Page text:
Apple's decision to prevent Valve's Steam Link iOS app from appearing in the App Store was due to a variety of issues, including in-app purchases, Apple's Phil Schiller has confirmed.
In an email sent to multiple customers and surfacing on Reddit, Apple Senior Vice President of Worldwide Marketing Phil Schiller game more detail about the issues the Steam Link app had when it was submitted to review. While not directly mentioning specific rules being broken, Schiller did hint that the Steam storefront and connected functions are the problem areas.
"Unfortunately, the review team found that Valve's Steam iOS app, as currently submitted, violates a number of guidelines around user generated content, in-app purchases, content codes, etc," writes Schiller, in the email posted to Reddit. "We've discussed these issues with Valve and will continue to work with them to help bring the Steam experience to iOS and Apple TV in a way that complies with the store's guidelines."
Schiller's comments provide more information than Valve's initial statement once news broke of the app's rejection. Valve advised the app was initially approved by Apple on May 7, but it was revoked three days later, citing "business conflicts with app guidelines" that were not recognized by the original team.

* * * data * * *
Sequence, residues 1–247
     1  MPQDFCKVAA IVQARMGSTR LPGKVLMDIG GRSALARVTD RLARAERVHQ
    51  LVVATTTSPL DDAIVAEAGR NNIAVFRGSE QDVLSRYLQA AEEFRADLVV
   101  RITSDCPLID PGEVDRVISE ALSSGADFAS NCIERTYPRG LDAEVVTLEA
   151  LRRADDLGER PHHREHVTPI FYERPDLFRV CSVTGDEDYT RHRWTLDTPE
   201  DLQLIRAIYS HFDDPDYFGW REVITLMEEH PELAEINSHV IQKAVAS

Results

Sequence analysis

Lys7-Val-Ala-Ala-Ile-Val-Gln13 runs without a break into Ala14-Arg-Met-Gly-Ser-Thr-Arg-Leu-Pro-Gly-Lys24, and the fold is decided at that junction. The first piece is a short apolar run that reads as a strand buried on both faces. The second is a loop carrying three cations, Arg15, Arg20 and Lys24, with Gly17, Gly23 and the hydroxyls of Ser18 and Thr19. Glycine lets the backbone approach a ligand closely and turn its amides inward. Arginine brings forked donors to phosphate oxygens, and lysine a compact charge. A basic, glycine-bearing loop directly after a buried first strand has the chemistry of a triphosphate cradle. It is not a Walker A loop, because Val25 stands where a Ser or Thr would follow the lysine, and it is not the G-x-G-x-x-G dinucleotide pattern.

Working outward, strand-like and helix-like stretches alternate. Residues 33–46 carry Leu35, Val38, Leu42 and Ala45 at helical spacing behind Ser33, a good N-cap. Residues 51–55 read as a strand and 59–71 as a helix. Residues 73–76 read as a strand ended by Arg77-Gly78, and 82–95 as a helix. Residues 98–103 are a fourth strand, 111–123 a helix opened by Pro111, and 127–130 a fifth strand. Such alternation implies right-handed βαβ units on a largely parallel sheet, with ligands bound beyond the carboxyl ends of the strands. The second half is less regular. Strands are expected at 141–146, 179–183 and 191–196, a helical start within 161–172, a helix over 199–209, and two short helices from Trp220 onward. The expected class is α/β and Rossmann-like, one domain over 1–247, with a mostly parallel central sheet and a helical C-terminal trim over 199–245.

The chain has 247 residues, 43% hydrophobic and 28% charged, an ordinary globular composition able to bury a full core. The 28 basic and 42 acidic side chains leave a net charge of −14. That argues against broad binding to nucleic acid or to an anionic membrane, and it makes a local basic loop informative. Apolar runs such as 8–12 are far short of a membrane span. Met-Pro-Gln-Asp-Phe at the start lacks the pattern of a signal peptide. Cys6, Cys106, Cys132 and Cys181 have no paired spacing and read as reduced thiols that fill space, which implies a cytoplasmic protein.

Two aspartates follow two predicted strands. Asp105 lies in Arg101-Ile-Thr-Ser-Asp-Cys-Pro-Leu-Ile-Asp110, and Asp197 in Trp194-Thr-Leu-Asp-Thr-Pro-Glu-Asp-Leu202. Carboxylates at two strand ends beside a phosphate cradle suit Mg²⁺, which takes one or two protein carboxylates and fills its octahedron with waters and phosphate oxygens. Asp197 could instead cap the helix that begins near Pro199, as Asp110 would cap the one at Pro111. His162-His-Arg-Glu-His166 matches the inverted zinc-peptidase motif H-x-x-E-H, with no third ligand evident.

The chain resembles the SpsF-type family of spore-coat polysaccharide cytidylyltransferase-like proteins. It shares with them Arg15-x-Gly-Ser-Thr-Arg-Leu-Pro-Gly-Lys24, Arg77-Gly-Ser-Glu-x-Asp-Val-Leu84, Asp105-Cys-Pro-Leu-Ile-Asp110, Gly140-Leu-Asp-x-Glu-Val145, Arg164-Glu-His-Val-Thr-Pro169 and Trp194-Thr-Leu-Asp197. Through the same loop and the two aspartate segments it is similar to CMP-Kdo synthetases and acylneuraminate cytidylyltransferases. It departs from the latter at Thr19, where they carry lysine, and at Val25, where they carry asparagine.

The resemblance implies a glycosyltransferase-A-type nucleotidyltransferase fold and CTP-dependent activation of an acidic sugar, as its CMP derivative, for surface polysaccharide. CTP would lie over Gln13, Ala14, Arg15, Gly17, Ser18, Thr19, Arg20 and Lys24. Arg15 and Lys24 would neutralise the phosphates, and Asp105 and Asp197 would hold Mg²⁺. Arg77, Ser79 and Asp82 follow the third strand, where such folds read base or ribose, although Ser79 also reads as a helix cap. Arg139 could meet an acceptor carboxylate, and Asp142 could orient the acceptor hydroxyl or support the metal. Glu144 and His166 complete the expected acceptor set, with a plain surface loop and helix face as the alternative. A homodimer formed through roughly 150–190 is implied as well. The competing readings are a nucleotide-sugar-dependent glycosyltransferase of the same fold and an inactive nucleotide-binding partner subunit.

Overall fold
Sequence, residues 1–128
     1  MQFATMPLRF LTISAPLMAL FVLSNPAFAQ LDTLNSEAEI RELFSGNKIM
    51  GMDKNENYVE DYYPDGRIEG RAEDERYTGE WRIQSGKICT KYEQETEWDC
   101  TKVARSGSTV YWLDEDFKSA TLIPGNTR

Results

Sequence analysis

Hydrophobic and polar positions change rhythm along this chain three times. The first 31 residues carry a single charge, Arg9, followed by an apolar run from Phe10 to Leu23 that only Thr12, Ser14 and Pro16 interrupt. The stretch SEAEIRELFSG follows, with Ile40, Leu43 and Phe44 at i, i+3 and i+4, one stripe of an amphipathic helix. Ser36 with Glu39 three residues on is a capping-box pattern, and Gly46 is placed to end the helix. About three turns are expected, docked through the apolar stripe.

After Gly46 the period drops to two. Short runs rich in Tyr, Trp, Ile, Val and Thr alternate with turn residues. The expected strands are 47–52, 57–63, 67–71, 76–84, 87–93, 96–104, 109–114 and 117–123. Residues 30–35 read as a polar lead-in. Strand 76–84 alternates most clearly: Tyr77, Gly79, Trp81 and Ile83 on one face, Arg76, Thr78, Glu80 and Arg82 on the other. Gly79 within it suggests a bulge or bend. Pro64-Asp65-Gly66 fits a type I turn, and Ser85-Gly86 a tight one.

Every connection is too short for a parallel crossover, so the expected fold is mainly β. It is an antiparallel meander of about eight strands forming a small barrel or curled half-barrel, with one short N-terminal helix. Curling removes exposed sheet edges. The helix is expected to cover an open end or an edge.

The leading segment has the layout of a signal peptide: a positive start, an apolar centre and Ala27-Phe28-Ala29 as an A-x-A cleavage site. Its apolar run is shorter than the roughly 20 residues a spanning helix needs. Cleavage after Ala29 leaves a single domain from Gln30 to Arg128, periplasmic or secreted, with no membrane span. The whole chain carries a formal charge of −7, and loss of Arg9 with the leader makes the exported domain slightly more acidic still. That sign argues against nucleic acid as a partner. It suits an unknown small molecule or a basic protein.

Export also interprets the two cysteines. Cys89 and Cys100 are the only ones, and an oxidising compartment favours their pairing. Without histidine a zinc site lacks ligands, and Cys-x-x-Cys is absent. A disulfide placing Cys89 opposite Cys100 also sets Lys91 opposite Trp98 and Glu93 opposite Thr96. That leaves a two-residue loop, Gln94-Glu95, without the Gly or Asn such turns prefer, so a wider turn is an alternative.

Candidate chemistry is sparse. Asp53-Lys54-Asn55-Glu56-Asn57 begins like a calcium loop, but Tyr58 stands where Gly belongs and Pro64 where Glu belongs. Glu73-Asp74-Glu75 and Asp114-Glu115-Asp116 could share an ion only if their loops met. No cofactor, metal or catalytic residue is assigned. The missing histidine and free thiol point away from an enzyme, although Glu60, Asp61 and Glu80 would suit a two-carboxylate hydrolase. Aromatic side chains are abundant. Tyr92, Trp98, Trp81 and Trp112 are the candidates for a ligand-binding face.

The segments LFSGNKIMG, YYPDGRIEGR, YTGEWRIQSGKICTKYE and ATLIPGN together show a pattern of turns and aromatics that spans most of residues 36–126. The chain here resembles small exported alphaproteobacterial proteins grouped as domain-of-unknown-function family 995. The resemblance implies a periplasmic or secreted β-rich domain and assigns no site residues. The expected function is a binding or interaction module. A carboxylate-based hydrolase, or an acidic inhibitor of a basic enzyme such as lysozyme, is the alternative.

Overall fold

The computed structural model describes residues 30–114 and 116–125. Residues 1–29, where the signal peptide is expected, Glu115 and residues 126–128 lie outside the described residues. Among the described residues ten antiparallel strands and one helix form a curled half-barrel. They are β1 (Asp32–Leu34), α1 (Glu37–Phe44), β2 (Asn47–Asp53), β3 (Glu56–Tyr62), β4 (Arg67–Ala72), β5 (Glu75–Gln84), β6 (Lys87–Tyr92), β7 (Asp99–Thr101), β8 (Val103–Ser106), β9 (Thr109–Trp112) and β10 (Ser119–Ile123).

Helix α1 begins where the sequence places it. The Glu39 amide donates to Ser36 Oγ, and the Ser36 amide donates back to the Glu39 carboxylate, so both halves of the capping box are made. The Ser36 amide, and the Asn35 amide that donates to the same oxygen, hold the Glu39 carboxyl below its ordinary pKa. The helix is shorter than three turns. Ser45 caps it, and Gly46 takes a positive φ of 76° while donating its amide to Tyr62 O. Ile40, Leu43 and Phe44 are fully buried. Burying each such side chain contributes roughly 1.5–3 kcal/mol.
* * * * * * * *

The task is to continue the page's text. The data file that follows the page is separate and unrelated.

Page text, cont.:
Steam Link allows users to play games hosted on their Mac or PC on their iPad, by streaming a live video feed of gameplay over a local network to the app, while user commands are sent back to the host. Effectively an extension of the platform's In-Home Streaming service, the app was produced to work with iOS devices as well as the Apple TV, when used with a Steam Controller or a number of MFI controllers available on the market.
Further testing of the beta app by AppleInsider revealed the app did block direct attempts to purchase items from the Steam marketplace, but a few ways were found to be able to make Steam store purchases using the app, by manipulating the Mac or PC version of Steam over the stream.
It is unclear if the version of the Steam Link app provided to AppleInsider was the same as the app provided for review by Apple.
Schiller's comments suggests that it is more than simply blocking players from buying games, suggesting Valve also needs to restrict the ability to buy in-game items or user-generated mods. The App Store also has rules regarding user-generated content, including a method for filtering objectionable material, reporting offensive content, and the ability to block abusive users.